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2010/2011  KAN-CM_U110  Corporate Social Responsibility: Challenge and Opportunity for Business Leaders

English Title
Corporate Social Responsibility: Challenge and Opportunity for Business Leaders

Course Information

Language English
Point 7,5 ECTS (225 SAT)
Type Elective
Level Full Degree Master
Duration One Quarter
Course Period Autumn . First Quarter . Second Quarter
Pending schedule: 1st. Quarter: Week 35, Tuesday: 11.40-13.20 Week 36-42: Tuesday, 11.40-15.10 2nd Quarter: Week 43: Tuesday 11.40-13.20 Week 44-50: Tuesday 11.40-15.10 This course will also be offered in Spring 2012
Time Table Please see course schedule at e-Campus
Study Board
Study Board for MSc in Economics and Business Administration
Course Coordinator
Jette Steen Knudsen - jsk.int@cbs.dkSecretary Tina Forsingdal - tfo.int@cbs.dk
Main Category of the Course
  • Supply Chain Management and Logistics
  • Business Ethics, value based management and CSR
  • Corporate and Business Strategy
  • Globalization, International Business, markets and studies

Taught under Open University-Taught under open university.
Last updated on 29 maj 2012
Learning Objectives
Students should learn to critically analyze and evaluate key drivers of a CSR agenda as well as business impact using relevant theories.
• Describe, classify, structure, and combine the concepts, theories, methods, and models of the course.
• Identify and develop relevant problems within CSR strategy on the basis of marking problems.
• Analyse and synthesise concrete problems within CSR strategy by applying the concepts, theories, methods, and models of the course.
• Evaluate and disseminate solutions to problems concerning a CSR strategy at an independent and reflected academic level.
Individual project exam/home assignment. No restrictions.
Exam Period Autumn Term and Winter Term
Prerequisites for Attending the Exam
Course Content

Analyze how new social and environmental demands from a variety of stakeholders pose new risks and opportunities to business leaders.

Western firms operating in or sourcing from developing countries are increasingly held responsible for a range of issues such as climate change, labor rights and human rights that have previously been seen as outside a firm’s sphere of influence (Reich 1998). Today stakeholders as diverse as investors, employees, the media, NGOs and customers have strong views on how corporations should be run.

One example is Nike, which owned no factories in the US but purchased shoes from factories in Indonesia, China and Vietnam. Nike came under severe criticism in the mid 1990s because Nike’s suppliers had forced workers to work extremely long shifts under dangerous conditions. As a response to the criticism, Nike issued its own code of conduct for suppliers. Another example is Wal-Mart which according to Jon Entine, a journalist with the magazine Ethical Corporation, has turned “from evil empire to jolly green giant” (Entine 2008: 36). Wal-Mart now works with suppliers on greening its supply chain including increasing the purchase of organic cotton, improving energy efficiency, etc.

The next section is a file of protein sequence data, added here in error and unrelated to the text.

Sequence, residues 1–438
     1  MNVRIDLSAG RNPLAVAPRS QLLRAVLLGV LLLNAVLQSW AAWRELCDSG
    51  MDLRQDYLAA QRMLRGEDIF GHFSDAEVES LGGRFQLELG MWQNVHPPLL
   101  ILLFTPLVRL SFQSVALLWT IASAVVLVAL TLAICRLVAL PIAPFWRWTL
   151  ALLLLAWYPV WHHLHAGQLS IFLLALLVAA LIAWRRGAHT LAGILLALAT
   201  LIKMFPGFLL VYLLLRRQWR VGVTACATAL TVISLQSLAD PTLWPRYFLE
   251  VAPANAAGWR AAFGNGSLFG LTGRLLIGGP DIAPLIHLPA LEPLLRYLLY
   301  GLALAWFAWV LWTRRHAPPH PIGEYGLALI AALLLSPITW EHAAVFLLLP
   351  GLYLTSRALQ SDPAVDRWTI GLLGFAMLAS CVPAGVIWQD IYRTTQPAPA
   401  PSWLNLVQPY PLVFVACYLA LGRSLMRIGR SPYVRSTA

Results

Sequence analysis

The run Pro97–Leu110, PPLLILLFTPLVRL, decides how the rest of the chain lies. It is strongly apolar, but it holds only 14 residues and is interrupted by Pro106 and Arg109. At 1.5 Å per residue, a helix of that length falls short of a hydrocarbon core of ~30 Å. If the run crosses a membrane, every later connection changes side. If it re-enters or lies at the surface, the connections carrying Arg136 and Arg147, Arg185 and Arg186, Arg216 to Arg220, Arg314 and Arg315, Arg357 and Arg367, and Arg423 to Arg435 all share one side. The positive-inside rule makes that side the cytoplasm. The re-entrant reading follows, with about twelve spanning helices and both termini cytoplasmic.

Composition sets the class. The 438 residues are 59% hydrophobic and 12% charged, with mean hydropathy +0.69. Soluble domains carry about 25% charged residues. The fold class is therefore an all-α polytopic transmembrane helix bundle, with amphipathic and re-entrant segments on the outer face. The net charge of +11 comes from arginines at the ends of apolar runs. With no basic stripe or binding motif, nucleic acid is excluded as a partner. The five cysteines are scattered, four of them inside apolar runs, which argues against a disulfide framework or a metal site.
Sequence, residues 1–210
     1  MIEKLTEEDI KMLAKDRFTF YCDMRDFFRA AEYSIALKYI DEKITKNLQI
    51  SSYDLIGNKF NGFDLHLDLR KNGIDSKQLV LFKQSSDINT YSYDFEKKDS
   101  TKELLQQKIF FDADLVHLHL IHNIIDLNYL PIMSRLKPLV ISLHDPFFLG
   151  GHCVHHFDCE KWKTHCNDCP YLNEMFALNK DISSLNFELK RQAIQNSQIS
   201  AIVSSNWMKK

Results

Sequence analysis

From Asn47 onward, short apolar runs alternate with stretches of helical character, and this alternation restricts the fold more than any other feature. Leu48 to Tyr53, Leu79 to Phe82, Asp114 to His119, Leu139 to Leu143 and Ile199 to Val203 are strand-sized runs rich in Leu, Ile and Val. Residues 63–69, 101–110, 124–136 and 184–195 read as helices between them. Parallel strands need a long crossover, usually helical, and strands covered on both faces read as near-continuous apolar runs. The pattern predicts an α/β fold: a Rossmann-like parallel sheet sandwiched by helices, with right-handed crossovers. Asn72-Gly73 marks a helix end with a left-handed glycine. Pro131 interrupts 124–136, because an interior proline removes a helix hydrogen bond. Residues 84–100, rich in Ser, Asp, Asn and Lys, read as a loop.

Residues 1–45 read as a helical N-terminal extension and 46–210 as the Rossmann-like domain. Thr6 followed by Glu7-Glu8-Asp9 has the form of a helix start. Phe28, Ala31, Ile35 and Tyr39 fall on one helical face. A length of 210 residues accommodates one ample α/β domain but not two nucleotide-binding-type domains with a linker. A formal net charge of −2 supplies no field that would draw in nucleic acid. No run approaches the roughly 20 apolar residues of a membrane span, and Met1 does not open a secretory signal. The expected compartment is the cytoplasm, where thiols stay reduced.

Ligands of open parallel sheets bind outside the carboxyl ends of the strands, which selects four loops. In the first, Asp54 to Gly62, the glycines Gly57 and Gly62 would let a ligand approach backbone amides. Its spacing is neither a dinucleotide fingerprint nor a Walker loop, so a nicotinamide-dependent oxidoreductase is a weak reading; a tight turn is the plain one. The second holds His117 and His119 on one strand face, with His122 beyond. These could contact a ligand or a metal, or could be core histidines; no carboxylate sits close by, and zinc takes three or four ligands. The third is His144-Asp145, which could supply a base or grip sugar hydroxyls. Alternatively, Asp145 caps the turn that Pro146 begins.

The course addresses the following key questions:

  1. What drives the Corporate Social Responsibility agenda?
  2. How should business respond: Minimizing business risk
  3. How should business respond: Maximizing business opportunity
  4. Limits to CSR
  5. Managing CSR initiatives: Codes of conduct
  6. Reporting: benefits and drawbacks
  7. Institutional investors and socially responsible investments
  8. The crystal ball: New CSR issues and challenges?

Key words: Corporate social responsibility (CSR), sustainability, business environment, strategy, management

Development of personal competences:
Students will engage with each other in case discussions and participate in staged debates where they will be asked to challenge each other and/or defend or critique certain positions. In addition, students will be asked to provide perspectives that reflect their backgrounds (e.g. major, nationality and practical experiences).

Teaching Methods
The course is structured around 8 different themes as outlined above. Each section will also address a practical case. Finally, we will invite experts in the field to give presentations.

Introduction: what drives the Corporate Social Responsibility agenda?

Session 1 provides a brief overview of the development of corporate social responsibility. The section also addresses the impact of globalization on business concerning social and environmental issues.

Ruth Aguielera, Deborah E. Rupp, Cythia A. Williams and Jyoti Ganapathi, “Putting the “S” Back in Corporate Social Responsibility: A Multi-Level Theory of Social Change in Organizations”. In Academy of Management Review, Vol. 33, No. 3, 2007: 836-863.

Dana Brown, Anne Roemer-Mahler and Antje Vetterlein (2009). “Theorising Transnational Corporations as Social Actors: An Analysis of Corporate Motivations”, paper presented at a research workshop, Copenhagen Business School, November 5-6, 2009.

Colin Crouch (2006). “Modelling the Firm in its Market and Organizational Environment: Methodologies for Studying Corporate Social Responsibility”. In Organization Studies 27(10): 1533-1551.

Thomas Donaldson, “The Stakeholder Theory of the Corporation”. In Academy of Management Review, 1995.

Milton Friedman, New York Times Magazine, September 13, 1970.

The Economist, special issue on CSR, January 2008

Case: Tesco: Delivering the Goods (B): IMD-3-1956


Josh D. Margolis and James P. Walsh, People and Profits? The Search for a Link Between a Company´s Social and Financial Performance, Lawrence Erlbaum Associates, Publishers, Mahwah, New Jersey, 2001.